KINGSPORT — A proposed Chinese language program for the city school system is gone.
So are six instructional technology specialists, known as academic coaches before they were cut for the 2012-13 school year after federal funding ended; and so is what would have been a new related arts position at Innovation Academy.
Balancing the 2013-14 school budget at $65.7 million — almost $2 million more than the 2012-13 budget — meant making some cuts in proposed expenditures for both new initiatives as well as keeping up with increased enrollment and maintaining programs, school officials said.
The extra funding includes $450,000 in additional city funding, including $200,000 contingent on expected higher property tax collections, and a $139,000 increase in sales tax revenue, while cuts of about $1.38 million got the budget to balance.
The Chinese program originally was proposed to have four instructors from the Confucius Institute at the University of Memphis at a cost of $98,000, plus a place for the instructors to live and transportation for them.
That was later cut to two instructors, but Thursday night that $53,000 was cut completely from the budget for 2013-14.
The Chinese classes were to have been taught by native speakers and possibly shared with Sullivan County and other local systems, Board of Education President Randy Montgomery told the Board of Mayor and Aldermen at a Monday BMA work session. Other plans included possibly making the instruction available to the public in evening classes.
Jamie Whitinger, who heads communications and virtual learning for the county school system, said the county system has seven students enrolled in virtual Chinese through a contracted service provider, Edison Learning. Greeneville city schools offer Chinese with a partnership with
the institute in Memphis.
“I would not be opposed to working with Kingsport or Greeneville to provide our students with a distance learning opportunity for Chinese,” Whitinger said. “Efforts to arrange this in the past were unsuccessful due to misaligned schedules and full classes — through (the) Niswonger (Foundation) with Greeneville. I would be happy to work with Kingsport (school officials) if they are interested. I haven’t heard from them.”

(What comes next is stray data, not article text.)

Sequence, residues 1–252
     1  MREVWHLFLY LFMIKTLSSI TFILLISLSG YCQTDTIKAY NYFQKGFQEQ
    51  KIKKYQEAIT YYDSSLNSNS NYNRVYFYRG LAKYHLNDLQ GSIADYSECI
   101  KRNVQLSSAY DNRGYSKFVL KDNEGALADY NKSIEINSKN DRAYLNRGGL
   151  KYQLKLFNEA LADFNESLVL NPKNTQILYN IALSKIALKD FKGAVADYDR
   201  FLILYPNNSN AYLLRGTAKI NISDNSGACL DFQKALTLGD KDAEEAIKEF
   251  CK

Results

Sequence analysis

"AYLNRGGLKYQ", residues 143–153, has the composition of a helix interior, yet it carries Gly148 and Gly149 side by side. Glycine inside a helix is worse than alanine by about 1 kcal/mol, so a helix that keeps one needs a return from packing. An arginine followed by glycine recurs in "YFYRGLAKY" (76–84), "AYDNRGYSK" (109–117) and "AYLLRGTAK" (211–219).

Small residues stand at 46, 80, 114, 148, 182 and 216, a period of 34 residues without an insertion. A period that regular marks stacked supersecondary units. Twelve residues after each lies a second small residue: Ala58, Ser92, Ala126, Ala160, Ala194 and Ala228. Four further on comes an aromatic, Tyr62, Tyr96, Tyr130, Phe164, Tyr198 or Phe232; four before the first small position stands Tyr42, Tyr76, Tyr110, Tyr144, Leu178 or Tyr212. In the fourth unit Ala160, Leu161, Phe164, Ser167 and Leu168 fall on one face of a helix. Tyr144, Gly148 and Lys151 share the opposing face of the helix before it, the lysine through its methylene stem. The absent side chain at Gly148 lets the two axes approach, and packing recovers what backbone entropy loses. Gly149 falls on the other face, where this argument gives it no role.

Another line item disappeared from the budget — $30,000 for Dobyns-Bennett High School band uniforms. Frye Friday said city leaders have said the city will take care of that one-time expense.
As for Innovation Academy of Northeast Tennessee, a joint program of the city and Sullivan County school systems, the BOE voted on a recommendation to cut the related arts teacher — a Project Lead the Way engineering instructor — the city was supposed to provide to IA.
That cuts $62,500 but leaves in money for two eighth-grade teachers. The nurse was left at half time, saving $14,150.
“We just need Project Lead the Way at our school,” Principal Sandy Watkins said Friday. “As a STEM school, we need an engineering related arts class.”
For the first year in operations, IA related arts was taught at home or base schools, but this fall related arts will be at IA. In addition, the school is to expand from grades 6-7 to grades 6-8.
To handle the physical education requirement, the county is to provide one instructor half time and the city another for two days a week.
In addition, the county is to provide a band director two or three periods a day, and orchestra may be handled by that person or by a city orchestra person.
Finance Director David Frye Friday said although the related arts position is out of the general purpose school budget, Superintendent Lyle Ailshie is working closely with Sullivan County Director of Schools Jubal Yennie on the IA budget and related arts positions. Watkins said she believes something will be worked out.
The next IA Governing Board meeting may not be until the regular one scheduled June 25. The May meeting was canceled, and Watkins and Ailshie said budget uncertainties, vacations and conferences may make the June 25 meeting the best option.
The county school budget is $4.5 million short on revenue to date, although using $2 million in fund balance would bring that shortfall down to $2.5 million.
For more information on expenditures and revenues in the 2013-14 school budget, including other line item reductions, go to www.k12k.com/.